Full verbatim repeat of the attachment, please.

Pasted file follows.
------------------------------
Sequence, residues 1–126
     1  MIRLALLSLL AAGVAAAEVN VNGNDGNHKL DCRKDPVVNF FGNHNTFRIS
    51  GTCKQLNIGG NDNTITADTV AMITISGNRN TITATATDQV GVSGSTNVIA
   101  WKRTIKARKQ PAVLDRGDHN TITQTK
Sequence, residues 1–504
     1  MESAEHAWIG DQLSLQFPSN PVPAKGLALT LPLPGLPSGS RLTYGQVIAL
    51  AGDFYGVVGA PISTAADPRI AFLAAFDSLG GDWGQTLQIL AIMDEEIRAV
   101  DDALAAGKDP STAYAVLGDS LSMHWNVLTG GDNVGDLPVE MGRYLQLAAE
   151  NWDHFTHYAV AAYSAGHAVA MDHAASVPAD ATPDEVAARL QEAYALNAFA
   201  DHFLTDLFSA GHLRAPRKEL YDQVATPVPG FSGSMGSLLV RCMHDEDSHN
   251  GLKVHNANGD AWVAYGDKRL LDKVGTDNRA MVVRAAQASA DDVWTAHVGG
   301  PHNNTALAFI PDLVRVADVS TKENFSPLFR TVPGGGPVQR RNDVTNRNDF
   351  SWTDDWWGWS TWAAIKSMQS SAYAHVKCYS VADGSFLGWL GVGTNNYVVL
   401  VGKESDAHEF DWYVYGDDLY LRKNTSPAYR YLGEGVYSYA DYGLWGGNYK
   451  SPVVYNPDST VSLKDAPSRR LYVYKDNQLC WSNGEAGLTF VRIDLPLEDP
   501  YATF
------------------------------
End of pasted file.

Sequence, residues 1–126
     1  MIRLALLSLL AAGVAAAEVN VNGNDGNHKL DCRKDPVVNF FGNHNTFRIS
    51  GTCKQLNIGG NDNTITADTV AMITISGNRN TITATATDQV GVSGSTNVIA
   101  WKRTIKARKQ PAVLDRGDHN TITQTK
Sequence, residues 1–504
     1  MESAEHAWIG DQLSLQFPSN PVPAKGLALT LPLPGLPSGS RLTYGQVIAL
    51  AGDFYGVVGA PISTAADPRI AFLAAFDSLG GDWGQTLQIL AIMDEEIRAV
   101  DDALAAGKDP STAYAVLGDS LSMHWNVLTG GDNVGDLPVE MGRYLQLAAE
   151  NWDHFTHYAV AAYSAGHAVA MDHAASVPAD ATPDEVAARL QEAYALNAFA
   201  DHFLTDLFSA GHLRAPRKEL YDQVATPVPG FSGSMGSLLV RCMHDEDSHN
   251  GLKVHNANGD AWVAYGDKRL LDKVGTDNRA MVVRAAQASA DDVWTAHVGG
   301  PHNNTALAFI PDLVRVADVS TKENFSPLFR TVPGGGPVQR RNDVTNRNDF
   351  SWTDDWWGWS TWAAIKSMQS SAYAHVKCYS VADGSFLGWL GVGTNNYVVL
   401  VGKESDAHEF DWYVYGDDLY LRKNTSPAYR YLGEGVYSYA DYGLWGGNYK
   451  SPVVYNPDST VSLKDAPSRR LYVYKDNQLC WSNGEAGLTF VRIDLPLEDP
   501  YATF